Video Article Open Access

Dependence between Zero Depth of Carbonation of the Base Concrete and Permeability of Protective Render Coat Detected by Diagnostics of 100-year-old Bridges

Ivan Janotka

Building Testing and Research Institute, Studená 3, 821 04 Bratislava, Slovakia

Vid. Proc. Adv. Mater., Volume 2, Article ID 2021-0167 (2021)

DOI: 10.5185/vpoam.2021.0167

Publication Date (Web): 24 Jan 2021

Copyright © IAAM

Graphical Abstract


The research study performed on 100-years-old concrete bridges shows that a thin layer of cement-based protective render coat (PRC), typically 2 - 4 millimetres thick can significantly reduce the carbonation rate of underlying concrete. The obtained results from in-situ and laboratory research give the realistic explanation of this phenomenon. The tests were covered by visual observations of the bridge and site-determinations for in-situ diagnostic procedures: 1) testing concrete by hardness method using Schmidt hammer, model N, 2) ultrasonic examination of concrete using PUNDIT apparatus; 3) measurements of surface tensile strength of concrete using square breakaway targets; 4) measurements of surface permeability of concrete and PRC by Torrent air permeability test [1] for checking the surface permeability of uncovered and PRC-treated concrete and 5) carbonation depth by phenolphthalein test. The taken cylindrical cores with diameter 100 mm and length at least 300 mm were tested in the TSÚS laboratory for volume density, dynamic and Young´s modulus of elasticity, and compressive strength. Consequently, PRC and two concrete sub-samples were chosen for in-deep detail verifications in a laboratory– surface: directly exposed to prolonged exposure to CO2 and – internal: covered with an overlay of concrete kept out of direct contact with open air. All samples were submitted to XRD, TG-DTA, MIP, SEM, HR optical microscopy and chemical. The degree of carbonation, degree of modification changes and four stages of carbonation (I – IV) are according to our methodology determined [2,3]. 

The dependence of decisive significance was found between the surface permeability of the PRC and the carbonation depth of the underlying concrete; the PRC thickness indicates only a minor significance. The PRC non-permeability for CO2 penetration is a basic condition for the apparent mitigating and even complete stopping carbonation attack of underlying concrete. The thin PRC layer is characterized by a dense carbonate substance even up to the amorphous state boundary, which is referred to as “carbonate milk”. Optical microscopy shows firstly invisibly but later demonstrably accumulated carbonation milk within the thin PRC layer; SEM technique shining needles confirming the presence of crystal-developed coarser CaCO3 compressed within the PRC thickness. By this way the spatially sealed barrier of carbonation products is created in the PRC preventing thus carbonation of 100-year-old concrete effectively. The following conclusions are based on the results obtained from this study until now:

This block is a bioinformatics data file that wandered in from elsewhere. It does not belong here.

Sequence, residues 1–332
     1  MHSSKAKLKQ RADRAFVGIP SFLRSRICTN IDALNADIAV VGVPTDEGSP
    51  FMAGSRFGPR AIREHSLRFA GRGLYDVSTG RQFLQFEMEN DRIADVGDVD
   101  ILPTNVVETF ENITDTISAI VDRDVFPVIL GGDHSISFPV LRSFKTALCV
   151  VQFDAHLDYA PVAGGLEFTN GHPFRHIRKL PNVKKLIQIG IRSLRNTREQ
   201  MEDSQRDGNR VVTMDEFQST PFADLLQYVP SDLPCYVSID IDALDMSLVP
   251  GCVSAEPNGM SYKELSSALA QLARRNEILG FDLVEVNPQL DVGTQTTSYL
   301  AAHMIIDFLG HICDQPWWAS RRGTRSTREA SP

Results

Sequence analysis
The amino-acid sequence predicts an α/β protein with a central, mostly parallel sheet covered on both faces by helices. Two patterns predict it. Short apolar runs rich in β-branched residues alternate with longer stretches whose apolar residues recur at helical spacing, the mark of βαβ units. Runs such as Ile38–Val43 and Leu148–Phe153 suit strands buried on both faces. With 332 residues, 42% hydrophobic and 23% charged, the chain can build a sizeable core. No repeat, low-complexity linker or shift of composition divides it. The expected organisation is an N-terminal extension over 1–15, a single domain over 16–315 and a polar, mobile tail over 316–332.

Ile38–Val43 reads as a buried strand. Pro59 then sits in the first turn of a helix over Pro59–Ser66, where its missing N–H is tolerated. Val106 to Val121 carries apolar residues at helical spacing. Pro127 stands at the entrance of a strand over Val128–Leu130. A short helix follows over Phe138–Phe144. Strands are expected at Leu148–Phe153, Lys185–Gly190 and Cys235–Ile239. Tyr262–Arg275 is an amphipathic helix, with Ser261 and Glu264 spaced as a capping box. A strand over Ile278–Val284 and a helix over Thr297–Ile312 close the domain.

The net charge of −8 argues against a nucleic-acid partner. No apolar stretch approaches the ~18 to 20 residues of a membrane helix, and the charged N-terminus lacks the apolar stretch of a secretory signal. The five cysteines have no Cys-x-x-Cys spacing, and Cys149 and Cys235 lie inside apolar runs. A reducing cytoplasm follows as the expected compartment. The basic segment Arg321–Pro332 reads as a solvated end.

1) The close correlation between the surface permeability of PRC and carbonation depth of underlying concrete.

2) The 2 - 4 mm layer of thin protective render coat is proven as an effective anti-carbonation barrier.

3) The assessment of aggressive action of CO2 on concrete based on the degree of carbonation, degree of modification changes and four stages of carbonation is an appropriate method for diagnosing the concrete attacked by carbonation for a long time.

4) The field experiments are followed by a laboratory phase of PRC development from currently available building materials with the effort to apply the knowledge gained by the diagnostics of old bridges to increase the service life of existing concrete bridges with the small reinforcement cover.


Protective render coat, concrete; carbonation, permeability.


The author wishes to express his gratitude to the Slovak Agency for Research and Development (project APVV No. 17-0204) for financing this research work.


  1. R. Torrent, G. Frenzer, Study on methods to determine and judge characteristiv values of the cover concrete on site, Bundesamt für Strassenbau, Bern, 1995, 105 p.
  2. I. Janotka, M. Bačuvčík, P. Paulík, Case Studies in Construction Materials, 2018, 97.
  3. P. Paulík, I. Janotka, M. Bačuvčík, K. Gajdošová, Proceedings of  fib Symposium, Concrete -Innovation in Materials, Cracow, 2019, 2134.


Ivan Janotka is the Head of Department of Material Research and the Senior Research Fellow at the Building Testing and Research Institute, Bratislava, Slovakia. He was the member and/or principal investigator of five international EU projects within period 1993 – 2015, and worked at the Slovak Academy of Sciences until 2009. In 2014 was awarded as the Honour of Science and Technology of Slovakia, in Ottawa 2015 by K. H. Mehta Award for Pozzolanic and Cementitious Materials given by the American Concrete Institute and in Stockholm 2019 by the Scientist Medal for the Research Contribution in Advanced Materials given by the IAAM. He defended his D.Sc. thesis in 2015. His work is focused on innovative development in concrete technologies and improvements in durability. In 2020, he prepared a separate chapter on the 5-year sulphate resistance of hybrid cement in the Compressive Strength of Concrete book issued by INTECH OPEN (open access). Ivan´s work concern 57 publications, 711 citations, h-index = 17 registered in Web of Science, more than 200 papers in non-indexed databases and at world conferences (e. g. CANMET/ACI, RILEM/ACI, IAAM), CEMENT CHEMISTRY, EUROCLAY, EUROGEO, fib CONGRESSES, etc. as well as more than 200 outputs of contracted research made for the industry.

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